22.1.14

How To Resize a Watch and Remove Watch Links




This is probably going to be one of those things that you didn't know you should know, until you need to know it. The lovely folks at JORD sent me this amazing wood watch (yes, it's really wood!), but upon slipping it onto my teeny tiny wrist I knew I would need to re-size it. I obviously wanted to start wearing it right away and didn't want to have to take it somewhere, so I decided to have a crack at it myself and it was SO EASY that I just had to put together this tutorial for you. Who knows, it may save you a few bucks in the future if you ever need a watch re-sized.


After doing a quick search online for "how to remove watch links", I got the basics but noticed that there wasn't really anything about watches with two screws in either end of the links. A lot of the time there will only be one screw, and one rounded end that looks like a pin head. I'll tell you how to do both. The above photo is showing that both sides of the link have screws.


First, you'll want to set your watch onto something soft, like a towel, so you don't damage it somehow. You'll need two tiny screwdrivers. Like the kind that you would use to repair eyeglasses. Mine came in a set and I believe you can pick one up at the dollar store. Place one screwdriver into one end and hold it still while you unscrew the other end. If your watch doesn't have double screws, skip this step. Don't remove the links closest to the closure latch! You'll need those.


One of the ends will have this little screw pop out. You'll be able to feel which end contains this screw as you're turning it. Pop that little guy out and put it aside.


The other end is the pin. All you need to do is push your screwdriver through the opposite hole to push it out.

If your watch only has one screw, loosen it, then stand the links up so the screw side is facing down. Place your screwdriver in the top hole and whack it with something that won't damage it, like a rubber handled screwdriver. Once the end pops out enough, you can grab it with some pliers and slide it out.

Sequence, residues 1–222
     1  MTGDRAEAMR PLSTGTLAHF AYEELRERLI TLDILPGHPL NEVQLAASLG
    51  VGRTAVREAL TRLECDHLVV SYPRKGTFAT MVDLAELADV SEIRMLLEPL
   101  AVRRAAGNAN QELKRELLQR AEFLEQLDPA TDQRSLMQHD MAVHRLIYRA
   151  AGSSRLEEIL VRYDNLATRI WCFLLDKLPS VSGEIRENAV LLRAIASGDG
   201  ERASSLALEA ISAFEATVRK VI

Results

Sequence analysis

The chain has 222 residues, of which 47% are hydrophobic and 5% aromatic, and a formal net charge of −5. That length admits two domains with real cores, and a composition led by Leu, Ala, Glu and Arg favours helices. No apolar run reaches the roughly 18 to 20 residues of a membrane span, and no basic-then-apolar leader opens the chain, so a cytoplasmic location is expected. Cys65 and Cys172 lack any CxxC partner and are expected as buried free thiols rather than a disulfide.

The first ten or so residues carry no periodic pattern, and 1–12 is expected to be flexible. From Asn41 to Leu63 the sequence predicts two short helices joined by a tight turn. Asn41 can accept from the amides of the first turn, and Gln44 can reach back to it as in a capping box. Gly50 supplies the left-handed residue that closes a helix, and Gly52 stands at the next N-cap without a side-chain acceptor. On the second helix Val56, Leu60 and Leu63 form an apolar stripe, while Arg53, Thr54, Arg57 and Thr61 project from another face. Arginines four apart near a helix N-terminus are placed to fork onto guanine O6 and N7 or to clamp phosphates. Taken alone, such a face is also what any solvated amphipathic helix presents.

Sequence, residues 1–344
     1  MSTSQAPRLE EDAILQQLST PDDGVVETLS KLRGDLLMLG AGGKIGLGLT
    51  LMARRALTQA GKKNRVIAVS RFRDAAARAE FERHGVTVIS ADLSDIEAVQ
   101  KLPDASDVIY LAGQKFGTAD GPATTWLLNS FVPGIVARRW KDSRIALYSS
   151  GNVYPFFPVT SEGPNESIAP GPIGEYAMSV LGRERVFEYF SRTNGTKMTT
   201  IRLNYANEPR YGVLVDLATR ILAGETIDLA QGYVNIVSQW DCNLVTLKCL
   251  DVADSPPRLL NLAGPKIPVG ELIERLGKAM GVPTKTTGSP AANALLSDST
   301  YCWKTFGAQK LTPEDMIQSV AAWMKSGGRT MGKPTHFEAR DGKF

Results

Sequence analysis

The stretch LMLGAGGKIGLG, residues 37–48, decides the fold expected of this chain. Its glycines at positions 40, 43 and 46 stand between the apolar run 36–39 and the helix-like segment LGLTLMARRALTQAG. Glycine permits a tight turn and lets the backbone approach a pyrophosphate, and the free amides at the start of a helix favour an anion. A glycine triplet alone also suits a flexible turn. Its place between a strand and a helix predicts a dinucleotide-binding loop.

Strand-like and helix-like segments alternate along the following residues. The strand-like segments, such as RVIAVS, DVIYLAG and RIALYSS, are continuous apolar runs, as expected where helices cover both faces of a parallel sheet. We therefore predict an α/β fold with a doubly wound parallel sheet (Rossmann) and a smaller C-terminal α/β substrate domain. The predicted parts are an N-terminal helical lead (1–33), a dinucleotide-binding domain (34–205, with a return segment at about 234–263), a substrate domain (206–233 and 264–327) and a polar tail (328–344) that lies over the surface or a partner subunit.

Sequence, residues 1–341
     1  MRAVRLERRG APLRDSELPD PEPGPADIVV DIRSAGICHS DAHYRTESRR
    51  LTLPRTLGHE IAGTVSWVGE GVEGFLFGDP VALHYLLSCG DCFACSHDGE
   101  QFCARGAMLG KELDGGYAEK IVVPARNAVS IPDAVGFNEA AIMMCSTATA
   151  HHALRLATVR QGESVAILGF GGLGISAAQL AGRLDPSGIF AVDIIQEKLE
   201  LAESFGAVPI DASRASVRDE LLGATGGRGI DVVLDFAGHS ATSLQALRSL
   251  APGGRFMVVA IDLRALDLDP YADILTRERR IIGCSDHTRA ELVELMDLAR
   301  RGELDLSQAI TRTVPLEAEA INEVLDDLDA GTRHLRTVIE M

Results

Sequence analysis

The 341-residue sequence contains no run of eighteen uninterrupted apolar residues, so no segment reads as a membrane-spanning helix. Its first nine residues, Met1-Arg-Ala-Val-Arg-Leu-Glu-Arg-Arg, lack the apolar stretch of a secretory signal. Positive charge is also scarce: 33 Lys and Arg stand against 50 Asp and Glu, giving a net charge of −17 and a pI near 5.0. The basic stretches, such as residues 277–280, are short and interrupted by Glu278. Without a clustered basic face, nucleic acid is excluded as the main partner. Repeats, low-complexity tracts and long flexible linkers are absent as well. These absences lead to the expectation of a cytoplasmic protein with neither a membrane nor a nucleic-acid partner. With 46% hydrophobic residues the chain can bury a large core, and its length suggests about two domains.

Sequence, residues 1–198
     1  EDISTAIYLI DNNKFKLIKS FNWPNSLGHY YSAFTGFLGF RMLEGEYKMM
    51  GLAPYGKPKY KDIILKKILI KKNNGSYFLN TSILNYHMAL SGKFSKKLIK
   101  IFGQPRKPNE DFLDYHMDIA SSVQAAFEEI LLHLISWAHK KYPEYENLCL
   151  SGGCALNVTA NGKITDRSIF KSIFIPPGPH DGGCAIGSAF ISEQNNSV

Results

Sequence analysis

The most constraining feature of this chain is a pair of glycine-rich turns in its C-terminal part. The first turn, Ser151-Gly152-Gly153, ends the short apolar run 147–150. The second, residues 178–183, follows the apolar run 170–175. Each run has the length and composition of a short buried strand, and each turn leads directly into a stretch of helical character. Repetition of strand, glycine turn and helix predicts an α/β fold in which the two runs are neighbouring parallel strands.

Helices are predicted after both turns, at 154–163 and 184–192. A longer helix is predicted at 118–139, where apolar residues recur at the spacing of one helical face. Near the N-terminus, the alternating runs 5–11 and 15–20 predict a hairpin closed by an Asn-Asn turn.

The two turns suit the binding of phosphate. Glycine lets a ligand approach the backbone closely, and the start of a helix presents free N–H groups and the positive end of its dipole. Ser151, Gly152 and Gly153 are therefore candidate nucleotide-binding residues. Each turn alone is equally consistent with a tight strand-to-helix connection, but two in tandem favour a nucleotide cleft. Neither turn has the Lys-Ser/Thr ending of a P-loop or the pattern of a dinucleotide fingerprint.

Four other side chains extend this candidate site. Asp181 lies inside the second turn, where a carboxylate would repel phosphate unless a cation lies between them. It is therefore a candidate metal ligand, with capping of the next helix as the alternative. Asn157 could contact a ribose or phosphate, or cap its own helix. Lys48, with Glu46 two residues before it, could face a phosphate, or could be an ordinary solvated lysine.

Remove the pin and the link will be free! Repeat this process if you need to continue removing links to make it fit. you can compare it to a watch that fits you, or just do like I did and keep trying it on.


Then you just need to put it back together. Line up the pin holes and slide the pin back in (you may need to knock it in a little)...


Put that little screw back in place....


and with one screwdriver, hold the pin in place while you screw it back in to tighten.


Save your removed links in case you ever need to replace them!


So now that that's out of the way, can I tell you how much I love this watch? It's so unique (and unisex!) and goes so well with my style. I love the natural feel and the fact that they are hand crafted from sustainable woods from all over the world. This one is the JORD Fieldcrest Series in Black. Have a peek at their site for more styles!

13 comments:

  1. I was just about to buy a new watch, perfect timing! Thanks for sharing :)

    hashtagphoebe.blogspot.com

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  2. I've never seen a wooden watch before, this looks beaut! It's a really hand tutorial too!

    http://talisatalksbeauty.blogspot.co.uk/2014/01/soap-and-glory-solar-power.html

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  3. I cannot get over how stunning that watch is!

    Vickie xx | vickieblogs

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  4. This is such a useful post, re-sizing watches can be so expensive if you get it done by somebody professionally. I am definitely going to give this a try.

    http://njcdesigns.blogspot.co.uk/

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  5. Great tips especially since I am looking for a watch to buy right now and I am thinking about getting it off ebay so it will not come sized for me.

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  6. I'll keep this post in mind if I ever need to resize a watch. You have such lovely posts and that watch is so great! I want one...

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  7. Great tutorial, Dana!!
    I just started working at a jewelry store back in December, and I've learned so much about watches and other jewelry altogether it's insane. I can't believe there's so much that goes into taking care and repairing watches - changing out batteries, removing links, even changing out cracked crystals on the top of the watch face. Next up is ring sizing ;)

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  8. I saw so many beautiful wooden watches in Hawaii last year. I wanted to buy one, but they are pricy.

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  9. Great tip! That watch is gorgeous x

    http://www.whatmakesmary.com

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  10. Its a lovely watch, great tip :) xx
    http://insaneaboutmakeup.blogspot.co.uk/

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  11. thanks for sharing! i also have tiny wrists and encounter this problem a lot when buying watches. usually i just have my dad fix it whenever i visit my parents, but i think doing it myself would probably be faster!

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